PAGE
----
After we were done with the YEH workshop on Friday, Michelle (2 L’s) and I walked the 3* course. Well, part of it. We quit at just over halfway, because too tired. She’s only been to a couple of events before, and definitely not one of this level, so it was greatly entertaining to see her reactions as she walked up to some of these fences.
Saturday was our only free day, so we showed up early to watch the 2* and 3* XC. Michele (one L) was able to join us that day, and we all descended upon the trade fair together.
I pretty much immediately dragged One L over to the Eponia booth. I’ve followed this brand on Instagram for a while and thought they had some cute stuff… riding clothes, tack, etc. I knew that One L in particular needed a new dressage bridle and likes the PS of Sweden styling, but didn’t want to spend that kind of money. She said she wanted a 2-tone bridle so that it would match both of her saddles, and bam, there it was. Black with dark brown padding, rhinestones on the browband that pretty much perfectly matched her horse, and they had it in his size. Five minutes into the trade fair and I had One L dropping money like it was hot. Let’s just take a minute to appreciate how right I was though, it looks awesome on her horse.
There were a few more things in the Eponia booth that I was sorely tempted by but just couldn’t quite close the deal with my more practical inner self. She’s such a buzzkill.
We wandered around inside the tent to visit the smaller booths, and I bought Bobby his official FHI gear. They didn’t have anything left in my size that I liked, so I guess I just wasn’t meant to buy anything for myself there. Next I dragged One L and Two L’s right into Mango Bay, where they both proceeded to buy things while simultaneously convincing other shoppers to buy things too. We are a powerful force.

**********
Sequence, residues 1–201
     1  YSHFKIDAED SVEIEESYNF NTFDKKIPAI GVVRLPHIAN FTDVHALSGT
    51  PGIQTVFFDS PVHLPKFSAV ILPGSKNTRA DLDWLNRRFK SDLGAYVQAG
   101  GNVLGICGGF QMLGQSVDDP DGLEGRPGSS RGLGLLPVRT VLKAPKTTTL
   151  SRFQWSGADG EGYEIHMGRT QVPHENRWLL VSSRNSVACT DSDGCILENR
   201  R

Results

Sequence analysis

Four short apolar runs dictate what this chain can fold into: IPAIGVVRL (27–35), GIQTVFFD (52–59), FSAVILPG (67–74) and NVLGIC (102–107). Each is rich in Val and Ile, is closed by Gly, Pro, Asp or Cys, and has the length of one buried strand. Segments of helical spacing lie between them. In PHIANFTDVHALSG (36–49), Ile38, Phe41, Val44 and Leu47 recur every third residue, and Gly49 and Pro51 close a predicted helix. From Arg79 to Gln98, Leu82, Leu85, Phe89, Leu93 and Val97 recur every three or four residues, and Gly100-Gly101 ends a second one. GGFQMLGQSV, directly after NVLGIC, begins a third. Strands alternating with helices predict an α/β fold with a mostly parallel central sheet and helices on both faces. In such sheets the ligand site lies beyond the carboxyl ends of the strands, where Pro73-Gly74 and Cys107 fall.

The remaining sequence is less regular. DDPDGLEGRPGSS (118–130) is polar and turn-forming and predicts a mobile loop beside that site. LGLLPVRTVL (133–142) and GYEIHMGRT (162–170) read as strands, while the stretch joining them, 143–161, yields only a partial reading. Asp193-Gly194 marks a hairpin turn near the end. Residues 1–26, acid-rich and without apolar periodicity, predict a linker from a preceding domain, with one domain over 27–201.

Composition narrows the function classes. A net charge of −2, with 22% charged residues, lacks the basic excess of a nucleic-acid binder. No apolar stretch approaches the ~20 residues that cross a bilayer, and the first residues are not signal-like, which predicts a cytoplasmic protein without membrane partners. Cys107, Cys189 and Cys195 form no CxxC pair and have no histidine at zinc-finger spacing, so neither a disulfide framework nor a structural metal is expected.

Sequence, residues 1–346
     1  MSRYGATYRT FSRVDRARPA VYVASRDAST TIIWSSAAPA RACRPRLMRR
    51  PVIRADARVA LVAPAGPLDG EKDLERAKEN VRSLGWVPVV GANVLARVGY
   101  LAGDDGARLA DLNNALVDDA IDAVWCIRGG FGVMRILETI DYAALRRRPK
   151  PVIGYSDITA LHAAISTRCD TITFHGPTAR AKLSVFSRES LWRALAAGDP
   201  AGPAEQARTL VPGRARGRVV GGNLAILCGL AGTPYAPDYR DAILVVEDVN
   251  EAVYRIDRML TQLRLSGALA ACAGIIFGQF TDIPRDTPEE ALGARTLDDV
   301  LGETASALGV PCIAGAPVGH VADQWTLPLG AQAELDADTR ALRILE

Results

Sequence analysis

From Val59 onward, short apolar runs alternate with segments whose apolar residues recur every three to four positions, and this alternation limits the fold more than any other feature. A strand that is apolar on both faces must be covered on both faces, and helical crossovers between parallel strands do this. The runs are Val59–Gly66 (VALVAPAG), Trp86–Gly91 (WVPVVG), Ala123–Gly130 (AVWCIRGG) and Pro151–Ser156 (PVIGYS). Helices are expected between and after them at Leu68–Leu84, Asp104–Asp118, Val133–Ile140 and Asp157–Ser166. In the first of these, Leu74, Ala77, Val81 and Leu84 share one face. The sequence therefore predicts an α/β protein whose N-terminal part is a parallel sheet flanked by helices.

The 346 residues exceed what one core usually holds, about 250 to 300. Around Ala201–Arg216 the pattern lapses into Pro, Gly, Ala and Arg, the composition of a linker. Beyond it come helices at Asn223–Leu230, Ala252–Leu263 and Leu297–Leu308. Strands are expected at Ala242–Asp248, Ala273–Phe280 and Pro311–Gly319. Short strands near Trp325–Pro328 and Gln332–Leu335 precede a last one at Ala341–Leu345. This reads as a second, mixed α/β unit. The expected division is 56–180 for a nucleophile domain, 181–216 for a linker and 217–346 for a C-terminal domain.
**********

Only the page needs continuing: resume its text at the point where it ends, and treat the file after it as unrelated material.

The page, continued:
I kept waiting to stumble upon something really fascinating that I’d never seen before, but the only “new to me” thing I really saw was one half pad and it was a little weird.
Otherwise I mostly just kept circling back around and petting the Voltaire monoflap in a way that seemed to make the rep a little uncomfortable. Sorry, guy.
As far as fun splurges go, the trade fair was a bust for me. But convincing the L’s to buy stuff was almost as fun, since I didn’t have to spend my own money. My wallet is relieved.
I was standing by fence 21 on XC day with some friends when ML went by with RF Scandalous. Even though I was several strides back on the landing side of the fence, I could see the red-tinged mouth from at least a few strides before take-off. My first thought was “What brand sells red-mouthed bits?”. For real, that was my first, utterly ridiculous thought, because I just couldn’t believe it would actually happen again, especially in front of my own eyes. Then as she got closer my mouth just gaped open and I said “Holy shit. Oh my god.”. As she galloped away I turned and looked at my friend and asked her if she saw it too. There was a lot of red, and it was very obvious even at speed and even from many strides away.
My friend Michelle had her camera so we immediately pulled up the pictures she had taken so we could verify what we’d seen. There was no doubt about the presence of blood, and a lot of it.
Here is where I should back up a bit and explain why Michelle was even there with me at Fair Hill in the first place. She’s a lifelong h/j rider, and her breeding program is jumper-oriented. But she’s seen how much fun I’ve had with eventing, and she’s excited about my upcoming eventer baby. She has been considering possibly refocusing part of her breeding program to eventers, and even considering investing in a syndicate on an upper level horse. I have, of course, encouraged these things, because I love this sport and think she would love it too. Fair Hill was supposed to be a “come see how awesome this is and leave feeling inspired” kind of thing. A bloody horse galloping by us on XC, not getting pulled up at any point over the 10 minute course to be checked, and the horse in question ending up winning the event… let’s just say inspired was not one of the feelings she had when she left. Eventing needs people like her, and incidents like this only serve to drive them away.